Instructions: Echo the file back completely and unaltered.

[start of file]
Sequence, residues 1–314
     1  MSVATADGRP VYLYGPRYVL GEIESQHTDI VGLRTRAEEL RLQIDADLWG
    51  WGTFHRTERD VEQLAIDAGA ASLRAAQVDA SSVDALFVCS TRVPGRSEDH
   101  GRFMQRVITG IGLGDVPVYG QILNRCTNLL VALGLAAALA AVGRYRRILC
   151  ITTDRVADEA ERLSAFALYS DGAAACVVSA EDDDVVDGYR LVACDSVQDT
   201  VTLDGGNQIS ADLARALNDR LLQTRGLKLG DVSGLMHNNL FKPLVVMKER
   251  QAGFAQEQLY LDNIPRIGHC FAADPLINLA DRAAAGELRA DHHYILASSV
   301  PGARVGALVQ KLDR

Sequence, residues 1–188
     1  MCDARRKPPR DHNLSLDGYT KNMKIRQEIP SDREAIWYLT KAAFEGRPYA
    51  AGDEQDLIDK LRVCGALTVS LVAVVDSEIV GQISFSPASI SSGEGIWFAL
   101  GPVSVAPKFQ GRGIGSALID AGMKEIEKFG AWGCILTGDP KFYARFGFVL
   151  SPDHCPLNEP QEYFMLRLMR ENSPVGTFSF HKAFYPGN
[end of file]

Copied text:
Sequence, residues 1–314
     1  MSVATADGRP VYLYGPRYVL GEIESQHTDI VGLRTRAEEL RLQIDADLWG
    51  WGTFHRTERD VEQLAIDAGA ASLRAAQVDA SSVDALFVCS TRVPGRSEDH
   101  GRFMQRVITG IGLGDVPVYG QILNRCTNLL VALGLAAALA AVGRYRRILC
   151  ITTDRVADEA ERLSAFALYS DGAAACVVSA EDDDVVDGYR LVACDSVQDT
   201  VTLDGGNQIS ADLARALNDR LLQTRGLKLG DVSGLMHNNL FKPLVVMKER
   251  QAGFAQEQLY LDNIPRIGHC FAADPLINLA DRAAAGELRA DHHYILASSV
   301  PGARVGALVQ KLDR

Sequence, residues 1–188
     1  MCDARRKPPR DHNLSLDGYT KNMKIRQEIP SDREAIWYLT KAAFEGRPYA
    51  AGDEQDLIDK LRVCGALTVS LVAVVDSEIV GQISFSPASI SSGEGIWFAL
   101  GPVSVAPKFQ GRGIGSALID AGMKEIEKFG AWGCILTGDP KFYARFGFVL
   151  SPDHCPLNEP QEYFMLRLMR ENSPVGTFSF HKAFYPGN